An avionics system interface 130, also termed herein "the 1553 RT unit", receives data from the avionics system of the aircraft, via the 1553 bus of FIG. 2. The data received from the aircraft typically includes navigation data, also termed herein "INS data" and missile launching data. The navigation data typically includes three-dimensional linear position, velocity and acceleration vectors, and three-dimensional angular position, velocity and acceleration vectors. The missile launching data typically includes missile seeker angle data.

A high accuracy self-positioning unit 140, also termed herein "the SELF-- SV unit", is operative to combine navigational data regarding the aircraft received from two sources:

i. navigational data pertaining the aircraft, received from the aircraft via unit 130 or, if this source is unavailable or has failed, from unit 25 of FIG. 1. The navigational data is typically accurate in the short-term but drifts in the long term; and

ii. GPS data from GPS unit 120, which typically does not drift in the long term but is relatively inaccurate in the short term.

A data sending unit 150, also termed herein "the PCM (Pulse Code Modulation) unit", sends information regarding an individual aircraft, such as position, velocities, status and weapon results data computed by unit 140, to other aircraft, via antenna 36 and transceiver 34 of the other aircraft. Data sending unit 150 is preferably operative to send the information pertaining to an individual aircraft to all aircraft within a bubble of predetermined radius, such as 60 km, from the individual aircraft. Preferably, time division multiplexing (TDM) methods are employed to ensure that, within each bubble of predetermined radius, only one aircraft at a time is sending navigation and avionic data. Synchronization of data transmission may, for example, be implemented using a table, stored in memory, which stores, for each of a plurality of a time slots, an identification code of a airborne module which is to transmit information in that time slot.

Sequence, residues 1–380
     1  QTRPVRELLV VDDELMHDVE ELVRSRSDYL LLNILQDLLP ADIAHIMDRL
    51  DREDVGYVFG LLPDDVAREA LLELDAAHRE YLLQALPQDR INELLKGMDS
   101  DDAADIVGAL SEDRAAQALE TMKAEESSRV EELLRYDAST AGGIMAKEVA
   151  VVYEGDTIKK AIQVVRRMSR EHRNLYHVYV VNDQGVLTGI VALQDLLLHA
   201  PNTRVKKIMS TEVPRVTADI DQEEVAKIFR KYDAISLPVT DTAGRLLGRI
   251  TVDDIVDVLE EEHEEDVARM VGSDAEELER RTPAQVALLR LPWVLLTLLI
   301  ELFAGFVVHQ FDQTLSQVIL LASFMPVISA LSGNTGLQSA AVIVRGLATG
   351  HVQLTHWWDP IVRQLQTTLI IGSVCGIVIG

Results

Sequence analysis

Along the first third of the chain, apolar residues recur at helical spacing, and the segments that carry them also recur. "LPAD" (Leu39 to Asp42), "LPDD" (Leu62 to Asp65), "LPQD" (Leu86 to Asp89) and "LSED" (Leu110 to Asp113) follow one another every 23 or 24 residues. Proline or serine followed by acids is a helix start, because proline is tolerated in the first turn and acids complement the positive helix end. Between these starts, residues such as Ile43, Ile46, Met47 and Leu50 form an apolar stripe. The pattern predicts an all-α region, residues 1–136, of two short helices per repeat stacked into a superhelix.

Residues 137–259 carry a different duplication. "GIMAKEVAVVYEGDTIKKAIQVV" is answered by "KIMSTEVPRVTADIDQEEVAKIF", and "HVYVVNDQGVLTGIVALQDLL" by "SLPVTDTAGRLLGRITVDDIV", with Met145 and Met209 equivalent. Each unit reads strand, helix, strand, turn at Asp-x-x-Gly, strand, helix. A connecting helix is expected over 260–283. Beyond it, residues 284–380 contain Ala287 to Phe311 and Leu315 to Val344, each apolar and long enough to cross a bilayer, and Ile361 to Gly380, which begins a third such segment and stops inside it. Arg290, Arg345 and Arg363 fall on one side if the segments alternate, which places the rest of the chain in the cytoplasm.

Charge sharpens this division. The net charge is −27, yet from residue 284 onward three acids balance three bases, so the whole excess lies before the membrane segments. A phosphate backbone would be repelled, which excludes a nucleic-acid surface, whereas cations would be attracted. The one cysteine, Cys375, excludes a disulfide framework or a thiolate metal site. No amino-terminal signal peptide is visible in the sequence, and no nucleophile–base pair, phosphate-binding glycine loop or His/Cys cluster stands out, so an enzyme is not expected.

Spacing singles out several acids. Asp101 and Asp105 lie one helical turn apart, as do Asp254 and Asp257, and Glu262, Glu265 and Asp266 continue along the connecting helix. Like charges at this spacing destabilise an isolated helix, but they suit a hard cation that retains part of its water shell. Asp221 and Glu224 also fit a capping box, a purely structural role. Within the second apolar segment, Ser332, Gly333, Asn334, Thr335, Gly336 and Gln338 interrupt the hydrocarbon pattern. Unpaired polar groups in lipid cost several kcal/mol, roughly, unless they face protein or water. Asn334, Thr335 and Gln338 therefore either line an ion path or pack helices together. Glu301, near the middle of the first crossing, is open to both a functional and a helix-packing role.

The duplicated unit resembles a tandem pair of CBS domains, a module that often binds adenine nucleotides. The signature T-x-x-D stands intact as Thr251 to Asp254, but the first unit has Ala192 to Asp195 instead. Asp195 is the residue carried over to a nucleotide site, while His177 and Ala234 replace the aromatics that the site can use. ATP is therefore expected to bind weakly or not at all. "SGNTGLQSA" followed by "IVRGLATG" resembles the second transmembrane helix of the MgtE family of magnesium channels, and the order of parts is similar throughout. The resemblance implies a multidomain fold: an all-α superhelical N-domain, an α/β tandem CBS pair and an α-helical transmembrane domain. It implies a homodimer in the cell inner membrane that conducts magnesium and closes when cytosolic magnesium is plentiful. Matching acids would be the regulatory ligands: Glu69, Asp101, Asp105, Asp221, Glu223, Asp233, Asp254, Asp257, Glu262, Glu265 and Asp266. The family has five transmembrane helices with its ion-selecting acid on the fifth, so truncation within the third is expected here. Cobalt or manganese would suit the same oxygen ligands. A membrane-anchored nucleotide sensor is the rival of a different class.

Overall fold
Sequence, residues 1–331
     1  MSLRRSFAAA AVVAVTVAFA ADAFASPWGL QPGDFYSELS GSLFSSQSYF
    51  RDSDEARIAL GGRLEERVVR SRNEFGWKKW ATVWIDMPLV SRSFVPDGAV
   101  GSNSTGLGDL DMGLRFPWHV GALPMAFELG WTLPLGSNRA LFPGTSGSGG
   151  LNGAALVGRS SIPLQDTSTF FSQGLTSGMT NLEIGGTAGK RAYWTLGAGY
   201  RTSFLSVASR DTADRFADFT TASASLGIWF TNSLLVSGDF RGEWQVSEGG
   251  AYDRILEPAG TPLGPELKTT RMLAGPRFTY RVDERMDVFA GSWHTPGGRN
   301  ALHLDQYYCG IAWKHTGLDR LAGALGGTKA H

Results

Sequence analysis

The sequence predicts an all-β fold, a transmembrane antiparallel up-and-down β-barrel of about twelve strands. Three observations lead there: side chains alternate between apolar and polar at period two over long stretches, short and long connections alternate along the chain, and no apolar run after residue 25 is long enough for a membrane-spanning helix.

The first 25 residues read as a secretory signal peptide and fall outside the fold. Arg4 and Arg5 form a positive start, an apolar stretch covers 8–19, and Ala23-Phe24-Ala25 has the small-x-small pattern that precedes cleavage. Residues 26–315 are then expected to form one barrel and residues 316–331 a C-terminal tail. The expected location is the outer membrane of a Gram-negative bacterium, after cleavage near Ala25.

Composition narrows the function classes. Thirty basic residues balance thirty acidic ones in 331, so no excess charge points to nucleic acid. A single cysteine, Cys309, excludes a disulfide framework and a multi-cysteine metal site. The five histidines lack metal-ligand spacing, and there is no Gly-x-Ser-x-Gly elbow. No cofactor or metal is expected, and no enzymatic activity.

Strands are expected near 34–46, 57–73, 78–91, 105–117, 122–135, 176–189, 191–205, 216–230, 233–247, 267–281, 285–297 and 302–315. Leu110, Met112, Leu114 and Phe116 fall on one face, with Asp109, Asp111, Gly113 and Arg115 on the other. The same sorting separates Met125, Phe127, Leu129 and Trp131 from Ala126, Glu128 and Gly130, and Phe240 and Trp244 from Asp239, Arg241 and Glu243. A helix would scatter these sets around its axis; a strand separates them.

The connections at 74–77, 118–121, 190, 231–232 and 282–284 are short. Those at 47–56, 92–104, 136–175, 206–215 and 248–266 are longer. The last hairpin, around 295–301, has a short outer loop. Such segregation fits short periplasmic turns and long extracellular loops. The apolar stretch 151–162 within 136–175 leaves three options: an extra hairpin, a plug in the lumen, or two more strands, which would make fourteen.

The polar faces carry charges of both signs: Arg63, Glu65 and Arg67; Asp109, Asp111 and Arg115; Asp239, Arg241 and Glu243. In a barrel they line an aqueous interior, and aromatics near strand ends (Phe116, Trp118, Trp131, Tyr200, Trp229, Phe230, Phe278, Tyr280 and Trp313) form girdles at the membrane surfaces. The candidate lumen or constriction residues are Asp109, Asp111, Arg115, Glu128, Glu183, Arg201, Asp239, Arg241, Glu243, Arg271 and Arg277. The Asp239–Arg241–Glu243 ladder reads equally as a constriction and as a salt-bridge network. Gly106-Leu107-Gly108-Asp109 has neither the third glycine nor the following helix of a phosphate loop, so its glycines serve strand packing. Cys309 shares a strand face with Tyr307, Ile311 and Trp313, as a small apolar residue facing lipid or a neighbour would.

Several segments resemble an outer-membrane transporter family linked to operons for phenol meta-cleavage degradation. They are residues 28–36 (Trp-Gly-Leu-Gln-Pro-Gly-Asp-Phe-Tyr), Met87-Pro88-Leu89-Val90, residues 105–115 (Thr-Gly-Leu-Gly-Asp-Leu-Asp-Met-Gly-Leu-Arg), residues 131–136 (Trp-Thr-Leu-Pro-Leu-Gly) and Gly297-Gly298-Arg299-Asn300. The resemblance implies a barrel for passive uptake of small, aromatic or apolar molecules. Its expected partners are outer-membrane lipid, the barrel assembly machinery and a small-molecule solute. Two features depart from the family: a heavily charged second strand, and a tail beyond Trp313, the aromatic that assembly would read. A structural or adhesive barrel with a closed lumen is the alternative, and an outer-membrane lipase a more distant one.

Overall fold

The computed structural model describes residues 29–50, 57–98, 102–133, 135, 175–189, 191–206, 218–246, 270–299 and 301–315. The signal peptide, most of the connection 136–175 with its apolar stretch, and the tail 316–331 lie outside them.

Conversely, a data reading unit 160, also termed herein "the UPL EXT13 SV unit" or the "data link" unit, reads other-aircraft data computed by unit 140 of another aircraft, from antenna 36 and transceiver 34 of its own aircraft.

The data regarding an individual aircraft sent by data sending unit 150 of the individual aircraft and received by the data reading units 160 of all aircraft within a bubble of predetermined radius therefrom preferably includes all of the following types of data: